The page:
Sports

AMES — Iowa State has four guys who can play quarterback.

But Joel Lanning is better as a linebacker, Jacob Park is on a leave of absence and Kyle Kempt is battling through an undisclosed injury, leaving freshman Zeb Noland as the possible starter for Saturday’s game at Baylor (1-9, 1-6 Big 12). Kempt’s health is crucial for Iowa State (6-4, 4-3), given that he and Noland are the only available quarterbacks left with two games to go.

Cyclones Coach Matt Campbell said Monday that Kempt was “day-to-day” and he would probably know by Wednesday if Kempt would play this weekend.

“It’s nothing where it needs surgery or anything where it’s going to be an extended period of time,” Campbell said. “He was able to practice (Sunday), which was a positive.”

Campbell has yet to say what is wrong with Kempt other than he got beat up in a 20-16 loss at West Virginia on Nov. 4. Kempt started last week’s 49-42 loss to Oklahoma State and threw for 101 yards and a touchdown before being pulled for Noland.

In the first extended action of his career, Noland gave the Cyclones a reason to be optimistic.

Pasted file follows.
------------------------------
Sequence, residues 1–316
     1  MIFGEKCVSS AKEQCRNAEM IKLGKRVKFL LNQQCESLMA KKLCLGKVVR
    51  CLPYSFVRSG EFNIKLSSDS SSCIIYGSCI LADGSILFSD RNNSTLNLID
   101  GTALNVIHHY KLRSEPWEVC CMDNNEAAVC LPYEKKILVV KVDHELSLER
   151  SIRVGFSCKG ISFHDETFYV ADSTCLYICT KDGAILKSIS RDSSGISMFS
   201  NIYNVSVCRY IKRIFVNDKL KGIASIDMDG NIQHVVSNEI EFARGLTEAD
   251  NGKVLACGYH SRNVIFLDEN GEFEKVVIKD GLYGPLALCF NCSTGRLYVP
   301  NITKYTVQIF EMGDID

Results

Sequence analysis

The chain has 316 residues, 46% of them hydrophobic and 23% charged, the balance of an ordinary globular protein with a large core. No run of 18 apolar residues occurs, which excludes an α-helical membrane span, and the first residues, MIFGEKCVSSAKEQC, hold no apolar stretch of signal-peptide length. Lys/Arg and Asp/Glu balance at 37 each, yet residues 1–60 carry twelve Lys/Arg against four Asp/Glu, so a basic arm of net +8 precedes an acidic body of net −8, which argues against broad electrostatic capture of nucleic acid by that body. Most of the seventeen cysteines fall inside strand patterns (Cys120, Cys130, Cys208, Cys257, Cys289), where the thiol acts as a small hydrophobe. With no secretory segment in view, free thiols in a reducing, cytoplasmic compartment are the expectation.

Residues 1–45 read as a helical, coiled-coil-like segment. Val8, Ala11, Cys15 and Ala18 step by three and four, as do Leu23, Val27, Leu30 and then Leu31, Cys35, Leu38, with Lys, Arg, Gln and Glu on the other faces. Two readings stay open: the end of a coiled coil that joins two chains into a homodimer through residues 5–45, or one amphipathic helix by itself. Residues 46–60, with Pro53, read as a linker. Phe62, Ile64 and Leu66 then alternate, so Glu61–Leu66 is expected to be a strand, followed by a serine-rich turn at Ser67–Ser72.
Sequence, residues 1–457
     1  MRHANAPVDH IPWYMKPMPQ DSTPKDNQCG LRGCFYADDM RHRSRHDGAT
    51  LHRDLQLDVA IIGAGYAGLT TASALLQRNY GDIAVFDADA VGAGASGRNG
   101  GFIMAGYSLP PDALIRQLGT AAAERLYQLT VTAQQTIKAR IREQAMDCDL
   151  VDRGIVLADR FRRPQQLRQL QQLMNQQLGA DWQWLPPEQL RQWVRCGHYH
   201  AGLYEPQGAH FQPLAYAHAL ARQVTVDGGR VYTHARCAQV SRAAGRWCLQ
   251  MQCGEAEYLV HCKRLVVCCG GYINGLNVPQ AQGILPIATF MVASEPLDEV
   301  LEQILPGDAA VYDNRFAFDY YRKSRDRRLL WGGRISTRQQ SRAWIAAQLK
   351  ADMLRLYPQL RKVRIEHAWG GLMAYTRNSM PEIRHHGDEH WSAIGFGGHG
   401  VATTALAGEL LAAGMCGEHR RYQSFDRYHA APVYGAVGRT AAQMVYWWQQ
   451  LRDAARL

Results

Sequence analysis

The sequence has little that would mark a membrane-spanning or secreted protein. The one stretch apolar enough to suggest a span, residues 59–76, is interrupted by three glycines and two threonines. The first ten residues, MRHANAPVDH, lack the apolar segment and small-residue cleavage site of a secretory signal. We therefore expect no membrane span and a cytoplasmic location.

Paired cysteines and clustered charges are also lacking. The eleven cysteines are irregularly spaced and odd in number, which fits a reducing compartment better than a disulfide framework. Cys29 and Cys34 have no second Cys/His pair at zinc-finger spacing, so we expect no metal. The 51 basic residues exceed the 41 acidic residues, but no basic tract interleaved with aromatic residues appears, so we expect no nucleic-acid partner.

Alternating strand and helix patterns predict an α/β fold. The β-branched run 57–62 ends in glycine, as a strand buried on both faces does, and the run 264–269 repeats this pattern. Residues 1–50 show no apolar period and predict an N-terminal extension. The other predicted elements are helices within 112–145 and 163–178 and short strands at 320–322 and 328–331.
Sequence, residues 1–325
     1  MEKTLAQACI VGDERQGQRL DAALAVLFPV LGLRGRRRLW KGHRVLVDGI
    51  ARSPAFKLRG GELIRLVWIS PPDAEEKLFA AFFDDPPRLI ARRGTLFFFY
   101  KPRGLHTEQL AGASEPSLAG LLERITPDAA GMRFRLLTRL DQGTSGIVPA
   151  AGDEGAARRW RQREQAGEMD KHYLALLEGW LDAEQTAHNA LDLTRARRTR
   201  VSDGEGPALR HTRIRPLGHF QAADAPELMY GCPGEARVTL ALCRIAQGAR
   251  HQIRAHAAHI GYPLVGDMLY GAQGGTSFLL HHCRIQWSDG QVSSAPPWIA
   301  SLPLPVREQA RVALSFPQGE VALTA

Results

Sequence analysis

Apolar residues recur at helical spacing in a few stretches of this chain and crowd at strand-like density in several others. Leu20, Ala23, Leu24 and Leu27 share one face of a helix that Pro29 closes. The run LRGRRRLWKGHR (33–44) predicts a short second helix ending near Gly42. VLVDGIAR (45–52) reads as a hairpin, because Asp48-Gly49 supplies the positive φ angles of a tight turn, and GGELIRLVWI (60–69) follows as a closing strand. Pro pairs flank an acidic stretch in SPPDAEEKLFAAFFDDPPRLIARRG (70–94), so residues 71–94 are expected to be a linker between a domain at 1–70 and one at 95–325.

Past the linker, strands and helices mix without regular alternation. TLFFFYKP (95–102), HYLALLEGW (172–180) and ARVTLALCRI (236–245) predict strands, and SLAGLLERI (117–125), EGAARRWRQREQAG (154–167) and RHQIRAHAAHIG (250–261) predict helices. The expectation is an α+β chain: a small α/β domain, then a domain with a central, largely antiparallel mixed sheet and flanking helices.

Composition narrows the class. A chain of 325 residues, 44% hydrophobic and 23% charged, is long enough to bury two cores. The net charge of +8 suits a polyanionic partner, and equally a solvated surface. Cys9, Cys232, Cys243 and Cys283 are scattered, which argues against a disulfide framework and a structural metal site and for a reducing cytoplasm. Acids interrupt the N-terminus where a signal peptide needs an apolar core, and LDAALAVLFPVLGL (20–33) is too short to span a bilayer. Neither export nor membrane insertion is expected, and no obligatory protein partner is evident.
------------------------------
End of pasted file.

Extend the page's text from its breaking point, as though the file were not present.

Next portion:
The 6-foot-2, 220-pound Noland was not a big-time recruit coming out of Watkinsville, Georgia, completing fewer than half of his passes as a senior. He redshirted a year ago and was then beaten out by Kempt, a walk-on, for the backup job in fall camp.

Kempt later emerged after Park stepped away from the team for undisclosed reasons following a loss to Texas in late September, completing 66.9 percent of his passes with 11 TDs and just three interceptions in six games.

But the coaching staff concluded last weekend that Kempt couldn’t keep playing, forcing Noland into action against the 12th-ranked Cowboys.

Noland was 17-of-28 passing for 263 yards and he drove the Cyclones to Oklahoma State’s 3-yard line before throwing a game-ending interception that many Iowa State fans — and Marchie Murdock, the receiver on that play — thought should have been ruled a touchdown.

“To come into a critical situation and a competitive environment like it was, I was really proud of him,” Campbell said of Noland. “We graded him out with a winning percentage from the game, which is really hard to do ... his ability to adapt throughout the game was outstanding.”

Campbell pointed out that Iowa State has thrived despite its quarterback drama in part because of how talented its receivers are.

Iowa State has four receivers with at least 400 yards, and the Cyclones and Washington State — a dedicated passing team — are the only programs with five players who have caught at least 30 passes in 2017.

“Those guys have made it easy for whoever has come in to be so productive,” Campbell said. “We’re fortunate in that regard.”

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